Speaking on Snapchat’s Good Luck America show, Barack Obama (above) called on progressives to ditch such inflammatory phrases which only serve to drive people away from supporting them
It’s an interesting read, though entirely typical of his eight-year presidency: very long (751 pages and that only takes us to the killing of Bin Laden in 2011!), extremely verbose though undeniably eloquent, massively self-promoting and sometimes ludicrously overly-defensive and deluded about his numerous failures.
I’ve never bought into the ‘Saint Barack’ nonsense.
Obama is a very intelligent and charismatic man who talked a great game, as he does in his book, and there’s no denying he was a very impressive public speaker and figurehead.
The guy deported three million immigrants in his tenure, more than any president in history. Indeed, his nickname in Mexico was ‘Deporter-in-Chief.’
His drone strike programme – he ordered more in his first year than George W. Bush in his entire presidency – was shameful.
The Guantanamo Bay detention camp, a human rights abomination where prisoners have been illegally tortured as they’re kept indefinitely without trial, remains open today despite Obama making its closure a key campaign pledge when he first ran for president in 2008.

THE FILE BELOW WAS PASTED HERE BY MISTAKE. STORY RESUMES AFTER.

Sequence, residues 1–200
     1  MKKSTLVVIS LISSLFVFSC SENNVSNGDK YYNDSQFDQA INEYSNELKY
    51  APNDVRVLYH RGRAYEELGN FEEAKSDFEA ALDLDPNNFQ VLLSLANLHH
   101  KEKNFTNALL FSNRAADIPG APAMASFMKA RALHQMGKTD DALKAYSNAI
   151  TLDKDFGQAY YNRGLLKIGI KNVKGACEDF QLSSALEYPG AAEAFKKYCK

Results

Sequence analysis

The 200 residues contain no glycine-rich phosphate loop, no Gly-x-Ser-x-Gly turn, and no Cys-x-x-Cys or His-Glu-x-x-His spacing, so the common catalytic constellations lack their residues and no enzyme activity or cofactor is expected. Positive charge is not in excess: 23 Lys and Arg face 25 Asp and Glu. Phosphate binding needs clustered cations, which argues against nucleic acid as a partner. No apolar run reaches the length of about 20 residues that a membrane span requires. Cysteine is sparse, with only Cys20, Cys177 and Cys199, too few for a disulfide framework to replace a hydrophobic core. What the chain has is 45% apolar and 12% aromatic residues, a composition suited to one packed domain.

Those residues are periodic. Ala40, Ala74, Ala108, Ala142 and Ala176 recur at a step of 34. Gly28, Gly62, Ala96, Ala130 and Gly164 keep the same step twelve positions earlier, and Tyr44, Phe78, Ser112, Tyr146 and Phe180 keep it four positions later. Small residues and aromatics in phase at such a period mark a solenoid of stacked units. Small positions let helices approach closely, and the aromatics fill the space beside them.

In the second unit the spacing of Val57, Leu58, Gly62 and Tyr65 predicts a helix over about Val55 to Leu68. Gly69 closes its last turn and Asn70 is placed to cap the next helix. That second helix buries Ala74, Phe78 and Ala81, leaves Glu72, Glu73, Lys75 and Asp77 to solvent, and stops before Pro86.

Ocasio-Cortez fired of a raging Twitter thread on Wednesday, tweeting: ‘The thing that critics of activists don’t get is that they tried playing the ‘polite language’ policy game and all it did was make them easier to ignore’
He did absolutely nothing about gun control despite endlessly vowing to bring in new laws after the numerous appalling massacres that occurred on his watch including Sandy Hook and Aurora.
And he waged a ruthlessly cynical war on the media and freedom of the press that should have had at least as much criticism as Donald Trump’s ‘fake news’ outbursts.
So, no – I won’t be polishing Obama’s halo any time soon.
Nor do I think he was a particularly good president, and certainly nowhere near as good as he thinks he was.
However, there is one area in which he has been a consistently sensible voice of liberal reason, and that is in his repeated refusal to bow to the increasingly outlandish hard-left ‘woke’ mob as they try to cancel anyone and anything that doesn’t sign up to their narrow, uncompromising, joyless world view.
Speaking last year at his own Obama Foundation Summit, Obama said: ‘The idea of purity and never compromise and you’re always politically woke…you should get over that quickly. The world is messy. There are ambiguities. People who do really good stuff have flaws. People who you are righting might love their kids. One danger I see with young people, particularly on college campuses…there is the sense sometimes of, the way of me making change is to be as judgmental as possible about other people and that’s enough. Like, if I tweet or hashtag about how you didn’t do something right, or used the wrong verb, then I can sit back and feel pretty good about myself. That’s not activism. That’s not bringing about change. If all you’re doing is casting stones, you’re probably not going to get things done.’
That wasn’t the first time he spoke out against the worrying new phenomenon of intransigent self-righteous young wokies on college campuses who simply don’t want to hear any opinion that deviates from what they have decided is acceptable.